# Proving that context-freeness of $L(M)$ is not semi-decidable using Rice's theorem

This is a question from an exam I did today:

Given $M$, a turing machine, we need to decide the following:

1) $M$ halts on every input

2) The language of $M$ is CFL

My question is, can I prove that this problem is not in $RE$ (recursively enumerable) using Rice's theorem? I understand that Rice's theorem works for languages and not machines, and when first looking at it, number 1 is a property of a machine not the language. But what I said, is that actually it is a property of a language: $M$ halts on every input iff $L(M)$ is decidable! (in $R$), so we can use Rice.

What do you think?

• What is "Rice theory"? Do you mean Rice's theorem? If so, which version? You may want to check out this, this and this question. – Raphael Jan 26 '14 at 15:51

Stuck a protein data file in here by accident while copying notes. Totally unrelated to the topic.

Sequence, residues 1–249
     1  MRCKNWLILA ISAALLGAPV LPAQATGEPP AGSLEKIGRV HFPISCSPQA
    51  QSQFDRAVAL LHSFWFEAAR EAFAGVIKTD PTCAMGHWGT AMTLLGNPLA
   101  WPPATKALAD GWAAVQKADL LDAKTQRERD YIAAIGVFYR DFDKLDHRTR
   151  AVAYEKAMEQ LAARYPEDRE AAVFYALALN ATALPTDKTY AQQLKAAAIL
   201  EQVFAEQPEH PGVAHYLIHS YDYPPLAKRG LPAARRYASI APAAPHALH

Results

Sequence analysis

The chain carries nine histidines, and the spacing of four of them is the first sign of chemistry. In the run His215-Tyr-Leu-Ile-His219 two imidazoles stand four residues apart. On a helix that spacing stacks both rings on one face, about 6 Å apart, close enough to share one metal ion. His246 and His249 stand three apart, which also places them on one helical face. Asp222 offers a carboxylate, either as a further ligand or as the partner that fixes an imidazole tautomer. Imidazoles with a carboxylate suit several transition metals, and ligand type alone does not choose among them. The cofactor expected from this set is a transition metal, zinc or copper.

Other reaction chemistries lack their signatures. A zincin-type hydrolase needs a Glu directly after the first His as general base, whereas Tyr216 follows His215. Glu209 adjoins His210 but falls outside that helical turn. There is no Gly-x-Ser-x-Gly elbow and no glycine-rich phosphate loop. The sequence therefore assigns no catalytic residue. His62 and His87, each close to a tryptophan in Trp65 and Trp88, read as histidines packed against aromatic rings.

• Rice's theorem considering non-trivial properties. – TheNotMe Jan 26 '14 at 17:52

First of all, it is not true that $M$ halts on every input iff $L(M)$ is decidable. Indeed, $L(M)$ can be decidable even if $M$ doesn't halt on every input. Consider for example the machine which never halts on any input—the empty language is certainly decidable.
Rice's theorem considers properties of partial functions. The partial function is the one computed by the Turing machine, with $\bot$ representing the case that the Turing machine doesn't halt on a specific input. If a machine $M$ always halts then the corresponding function is total—never attains the value $\bot$. This is a property of partial functions, and fits within the framework of Rice's theorem.